Frank Page: Be God-empowered in a fallen culture
"Pastor Jay Pettus, who is away on sabbatical, had enlisted me to preach probably a year or more ago," Page told Baptist Press, "asking me to preach on how to have hope in a [post-] Christian, postmodern culture. The message had already been planned," connecting "powerfully with the events of the previous day. It just shows the power of the Holy Spirit."
That same power will enable Christians to stand firm in faith and proclaim the spiritual truth of marriage the nation has deserted, Page said in his message at the Bowling Green, Ky., church.
"When societal forces rise up -- we say we will stand against you in the power of the name of the Lord God Almighty," Page preached. "We either believe in it, or we might as well go home."
If leaders will stand on the power of God's Word, congregations will be emboldened to follow, Page said, using the text of the shepherd boy David slaying Goliath in 1 Samuel 17, followed by the Israelites' victories against a string of Philistine giants in 1 Chronicles 20 after David had begun his reign as king.
Just as David and the Israelites stood against the Philistines, Christians must stand against the giants facing modern culture, Page said, referencing such evils as racism.
"I want to be a giant killer, and if a man or woman stands up for what is right, in a way that's right, God's people will follow," Page said. "You want to be a leader, then be a giant killer."
Page called Christians to minister to homosexuals by engaging them in conversation and relationship.
"We will continue to speak the truth in love. We'll continue to love every man, woman, boy and girl on the face of this earth. … The worst form of love is to love somebody and not tell them the truth," Page said. "We're in a culture that will not tell you the truth. We're in a culture that will not speak the truth, but we're continuing to fight the giants. We're to do it in the spirit of love and kindness, but we will fight."
Homosexual marriage will precipitate a cultural decline in America with an unknown ending, Page said, likely including court challenges to widely held tenets against polygamy, underage marriage, and marriages between cousins.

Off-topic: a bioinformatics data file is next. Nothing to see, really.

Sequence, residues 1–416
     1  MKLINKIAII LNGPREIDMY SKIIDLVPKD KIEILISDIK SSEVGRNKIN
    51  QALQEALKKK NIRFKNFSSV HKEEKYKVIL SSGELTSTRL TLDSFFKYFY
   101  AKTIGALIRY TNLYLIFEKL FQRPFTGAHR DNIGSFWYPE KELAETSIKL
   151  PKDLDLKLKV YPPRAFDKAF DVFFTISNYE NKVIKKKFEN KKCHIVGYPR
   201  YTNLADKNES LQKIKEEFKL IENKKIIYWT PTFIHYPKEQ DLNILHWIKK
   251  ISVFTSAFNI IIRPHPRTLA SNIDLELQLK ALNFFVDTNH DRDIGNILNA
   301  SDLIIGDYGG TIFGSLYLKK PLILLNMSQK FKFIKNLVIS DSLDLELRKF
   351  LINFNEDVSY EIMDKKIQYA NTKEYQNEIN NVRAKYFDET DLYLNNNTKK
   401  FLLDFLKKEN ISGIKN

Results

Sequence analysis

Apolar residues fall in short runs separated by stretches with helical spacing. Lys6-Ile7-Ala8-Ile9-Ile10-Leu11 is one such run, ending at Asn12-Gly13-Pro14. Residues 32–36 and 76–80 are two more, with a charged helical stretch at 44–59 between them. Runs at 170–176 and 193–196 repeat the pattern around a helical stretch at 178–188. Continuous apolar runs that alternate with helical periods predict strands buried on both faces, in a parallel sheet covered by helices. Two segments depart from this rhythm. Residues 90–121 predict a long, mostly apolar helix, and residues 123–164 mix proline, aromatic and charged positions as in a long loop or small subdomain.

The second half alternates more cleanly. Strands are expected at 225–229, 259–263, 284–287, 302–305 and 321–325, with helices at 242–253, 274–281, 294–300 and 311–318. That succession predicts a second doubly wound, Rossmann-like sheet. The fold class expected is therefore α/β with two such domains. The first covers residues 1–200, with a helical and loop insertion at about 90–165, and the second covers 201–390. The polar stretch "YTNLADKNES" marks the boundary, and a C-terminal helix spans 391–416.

"Not a soul … knows where this is going to lead," Page said, "for once a nation begins to do what no culture has ever done before, to totally disregard the way of God, whose Word … is unambiguous and clear, we have indeed embarked on a journey that is disconcerting and discouraging."
Christians should not expect encouragement from the courts or government, but must rely on God's Word.
"Your hope will not be in the statehouse. Your hope will not be in the courthouse," he said. "All the denominational resources we have will not fit us for the battle. All our seminary education ... it will not give me what I really need to fight the battles."
The cultural battle cry of "love always wins," seeks to skew scriptural beliefs for Satan's advantage, Page said.
"We should never underestimate the power of the enemy to use good thoughts to turn a nation in the wrong direction," Page said. "All we're hearing now is how we ought to accept love and tolerance, and ignore the Word of God, and ignore history, and ignore democracy."
In comments to Baptist Press after the sermon, Page said the culture will necessitate a greater involvement of Christians in the political and governmental arenas, and will require parents, both fathers and mothers, to be more involved in their children's lives.
"We should never, ever be caught again uninvolved," he said. "And in a spiritual sense … we should always recognize that this world is not our home, and we must recognize our ultimate home lies elsewhere. Things will never be perfect until we arrive at home."
He referenced Ephesians 6:10-13, encouraging Christians to "stand firm in the Lord and in his mighty power."
"He's our only hope and help," Page said, "and we must commit our lives anew to Him today."